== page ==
Frustrated by his runner-up finish in the 2021 Constant Aviation NHRA Factory Stock Showdown, David Barton went into the 2022 season determined to have a better outcome, and he delivered an all-star performance that included three wins and a season championship. Barton finished the season with a robust total of 712 points, easily eclipsing the 662-point total of second-place Bill Skillman and the 586 posted by Aaron Stanfield, who had won the two previous championships.
“It hasn’t sunk in yet,” said Barton, moments after clinching the title at the final race of the season in Dallas. “It is hard to believe we came out on top amongst all these people who are trying so hard to accomplish the same goal.
“A lot [of this year’s success] had to do with just having my head screwed on straight and making sure I was mentally ready for every round,” Barton said. “I tend to run from car to car because I tune all sorts of cars when I’m racing. I love doing it, but it can also be a huge distraction. This time, I did a better job of staying focused. Last year, we had some good qualifying runs, and then I fell short on race day. That was unacceptable. There was a time when you might have been able to get away with it, but not against Bill Skillman or Aaron Stanfield. It also made a difference having my wife, Samantha, there more often. She made sure I took care of myself, and that was big.”
Barton is equal parts driver, tuner, and engine builder. He first made a name for himself in the Dodge Hemi Challenge, and his family engine business still builds some of the most competitive powerplants in the class. More recently, Barton has put his skill set to use in Factory Stock, which showcases modern muscle cars featuring superchargers and electronic fuel injection as well as a mandatory nine-inch rear tire that often acts as a great equalizer.
Following the disappointment of the last few seasons, Barton got off to a mostly satisfying start in 2022 with a semifinal finish in Gainesville followed by a runner-up at the Circle K NHRA Four-Wide Nationals in Charlotte.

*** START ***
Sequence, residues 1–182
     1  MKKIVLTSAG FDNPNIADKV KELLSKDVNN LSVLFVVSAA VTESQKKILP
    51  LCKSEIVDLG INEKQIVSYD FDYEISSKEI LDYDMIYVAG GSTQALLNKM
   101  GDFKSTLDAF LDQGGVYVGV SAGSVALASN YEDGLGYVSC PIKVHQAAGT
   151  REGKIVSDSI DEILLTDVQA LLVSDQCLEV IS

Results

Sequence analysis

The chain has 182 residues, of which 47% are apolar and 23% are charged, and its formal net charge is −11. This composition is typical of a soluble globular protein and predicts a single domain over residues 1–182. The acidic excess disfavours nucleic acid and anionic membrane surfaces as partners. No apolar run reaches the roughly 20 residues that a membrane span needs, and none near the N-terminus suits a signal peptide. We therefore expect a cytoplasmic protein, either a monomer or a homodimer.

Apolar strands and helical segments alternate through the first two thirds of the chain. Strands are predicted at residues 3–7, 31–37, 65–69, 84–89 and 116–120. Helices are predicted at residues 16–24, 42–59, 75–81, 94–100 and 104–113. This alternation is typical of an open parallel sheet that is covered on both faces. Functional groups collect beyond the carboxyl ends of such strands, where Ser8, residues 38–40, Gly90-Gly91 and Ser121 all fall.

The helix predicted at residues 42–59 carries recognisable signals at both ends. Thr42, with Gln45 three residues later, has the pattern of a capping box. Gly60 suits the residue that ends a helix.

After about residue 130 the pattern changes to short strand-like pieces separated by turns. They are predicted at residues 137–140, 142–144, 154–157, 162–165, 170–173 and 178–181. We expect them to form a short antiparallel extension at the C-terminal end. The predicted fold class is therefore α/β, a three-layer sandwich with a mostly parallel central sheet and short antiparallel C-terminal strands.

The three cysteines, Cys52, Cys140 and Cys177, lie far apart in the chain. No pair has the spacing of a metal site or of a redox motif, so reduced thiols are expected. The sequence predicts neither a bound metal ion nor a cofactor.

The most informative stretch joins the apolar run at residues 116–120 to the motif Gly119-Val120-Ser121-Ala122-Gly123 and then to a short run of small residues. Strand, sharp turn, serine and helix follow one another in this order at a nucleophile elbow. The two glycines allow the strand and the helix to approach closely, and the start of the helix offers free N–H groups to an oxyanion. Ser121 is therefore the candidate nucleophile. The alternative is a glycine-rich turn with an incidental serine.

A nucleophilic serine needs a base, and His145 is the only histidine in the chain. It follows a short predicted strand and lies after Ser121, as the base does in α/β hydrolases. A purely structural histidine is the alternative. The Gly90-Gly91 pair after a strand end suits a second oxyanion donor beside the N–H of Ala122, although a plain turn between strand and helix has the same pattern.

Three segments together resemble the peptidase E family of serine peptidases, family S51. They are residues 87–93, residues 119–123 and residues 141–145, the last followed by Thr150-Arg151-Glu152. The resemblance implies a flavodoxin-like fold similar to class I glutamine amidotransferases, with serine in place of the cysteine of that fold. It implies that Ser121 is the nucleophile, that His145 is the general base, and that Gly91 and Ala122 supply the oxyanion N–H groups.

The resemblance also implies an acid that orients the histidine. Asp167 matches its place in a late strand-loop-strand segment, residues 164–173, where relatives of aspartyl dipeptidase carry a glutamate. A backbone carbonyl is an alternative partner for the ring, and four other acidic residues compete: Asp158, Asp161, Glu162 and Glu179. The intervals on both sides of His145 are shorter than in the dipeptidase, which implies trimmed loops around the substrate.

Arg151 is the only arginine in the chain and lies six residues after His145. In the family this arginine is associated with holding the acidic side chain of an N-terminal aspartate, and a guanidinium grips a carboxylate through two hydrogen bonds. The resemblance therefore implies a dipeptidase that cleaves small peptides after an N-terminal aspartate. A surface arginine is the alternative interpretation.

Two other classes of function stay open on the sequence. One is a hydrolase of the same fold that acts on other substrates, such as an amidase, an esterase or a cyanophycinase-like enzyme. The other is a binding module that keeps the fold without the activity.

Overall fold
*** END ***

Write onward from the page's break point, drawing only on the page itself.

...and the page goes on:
Barton bagged the first of his three wins at midseason when he defeated Stephen Bell in the final in Bristol. Barton qualified his Saw Mill Auto Sales COPO Camaro in the No. 10 spot at that event and then powered past Leonard Lottig, Stanfield, and Dave Davies before winning the final by a comfortable 7.88 to 7.93 margin.
Throughout the season, Barton had success against reigning champ Stanfield, something he hadn’t been able to say in prior seasons. Including the four-wide event, Barton and Stanfield raced six times, with Barton winning four times.
“That was a difference maker, and even if I didn’t win the championship, it just felt nice to outrun him a few times,” said Barton. “Another key thing [is] this was the success [of] all of our teammates like Lenny Lottig, Jesse Alexandra, Scott Libersher, Dan Condon, Don Belles, Doug Hamp, and Anthony Troyer. There were times when they took care of business against some of the best cars in the class. It was all a team effort. Not just me.”
Barton served up another two holeshot wins on his way to perhaps the biggest win of his career at the Dodge Power Brokers NHRA U.S. Nationals. He defeated incoming leader Skillman in the semifinals and then topped Stanfield in a thrilling final round, 7.786 to 7.781. The difference was Barton’s .020 to .037 advantage at the start.
“I was thirsty for that [Indy win] because we hadn’t had it together the previous couple of years,” Barton said. “I had to run Bill in the semi’s, and he had me covered by a half a tenth. I just hoped it would be a round where he’d give me some room, and that’s exactly what happened. The final was just me being in the right place at the right time. I took over the lead in the semi’s, and then winning the final made it that much better. I felt good leaving Indy, but I’ve also been around too long to get cocky.”
For Barton, the Pep Boys NHRA Nationals at his home track, Maple Grove Raceway, proved to be the perfect setting to all but lock up the title with another victory. Barton dominated from start to finish, qualifying No. 1 and then beating Stanfield again in the final round. At that point, he knew he only needed to show up for the final event in Dallas in order to make the championship official.
“To win it at our home track was amazing,” said Barton. “I went in thinking I just needed to win a couple of rounds, and at the end of the day, we had the trophy. In Dallas, I was never so nervous just to stage a car. I just needed the 10 points [for making a qualifying attempt], but I couldn’t help but think about what might go wrong.
“I have a lot of people to thank for this, including my dad, Ray, and my wife, Samantha, along with Saw Mill Auto, Gary Wolkwitz, NGK, VP Fuel, Mickey Thompson, Holley EFI, Joel’s on Joy, Pro Torque converters, Chevrolet, and Dave, Jay Tim, Jim, Steve, Thomas, Ryan, and Pat, who put forth all the effort in our shop. The same goes for our teammates. This is a total team effort.”
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